Scavenging waves and influence distances of gas absorption around single liquid aerosols in clouds

Research output: Contribution to journalArticle

8 Citations (Scopus)

Abstract

Scavenging wave propagation and influence distances for various gases absorbed by single liquid aerosols in the atmosphere are predicted to evaluate the effect of droplet-droplet interaction on transient mass transfer processes in clouds. Three greenhouse gases, CH4, N2O, and CO2, as well as five air pollutants, H2S, SO2, HCl, NH3, and HNO3, are taken into account. Considering the three greenhouse gases and the air pollutant H2S, because the driving forces of mass diffusion in the gas phase are by far smaller than those of the liquid phase, the gaseous scavenging behaviors in the vicinity of the droplets are absent. It thus reveals that the effect of mutual interaction of droplets on the absorption processes of these solutes is fairly slight. In regard to the other four air pollutants SO2, HCl, NH3, and HNO3, their mass diffusion numbers are relatively high, rendering that the scavenging waves in the gas phase are clearly observed in the initial uptake period. Increasing mass diffusion number makes the influence distance of the scavenging wave farther and the curvature effect along the droplet surface more pronounced. Consequently, it is recognized that the droplet-droplet interaction in clouds tends to decrease the absorption rate and elongate the uptake period as gases with large mass diffusion numbers are absorbed by droplets. In other words, the distance between cloud droplets will become an important parameter in determining the droplet absorption rate.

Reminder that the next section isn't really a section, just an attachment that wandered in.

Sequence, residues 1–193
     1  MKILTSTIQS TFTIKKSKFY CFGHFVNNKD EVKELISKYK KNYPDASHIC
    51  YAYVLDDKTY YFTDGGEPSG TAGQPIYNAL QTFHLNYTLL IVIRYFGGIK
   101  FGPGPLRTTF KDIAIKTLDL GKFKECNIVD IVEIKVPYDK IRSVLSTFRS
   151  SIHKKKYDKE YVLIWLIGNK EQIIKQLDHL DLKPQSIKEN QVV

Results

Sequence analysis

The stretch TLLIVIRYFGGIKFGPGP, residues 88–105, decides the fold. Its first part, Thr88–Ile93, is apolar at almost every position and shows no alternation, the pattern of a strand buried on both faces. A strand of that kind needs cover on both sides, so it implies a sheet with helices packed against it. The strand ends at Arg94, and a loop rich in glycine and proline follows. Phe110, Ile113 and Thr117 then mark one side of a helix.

Original languageEnglish
Pages (from-to)500-511
Number of pages12
JournalAtmospheric Environment
Volume40
Issue numberSUPPL. 2
DOIs
Publication statusPublished - 2006 Sep 25

All Science Journal Classification (ASJC) codes

  • Environmental Science(all)
  • Atmospheric Science

Fingerprint Dive into the research topics of 'Scavenging waves and influence distances of gas absorption around single liquid aerosols in clouds'. Together they form a unique fingerprint.

  • Cite this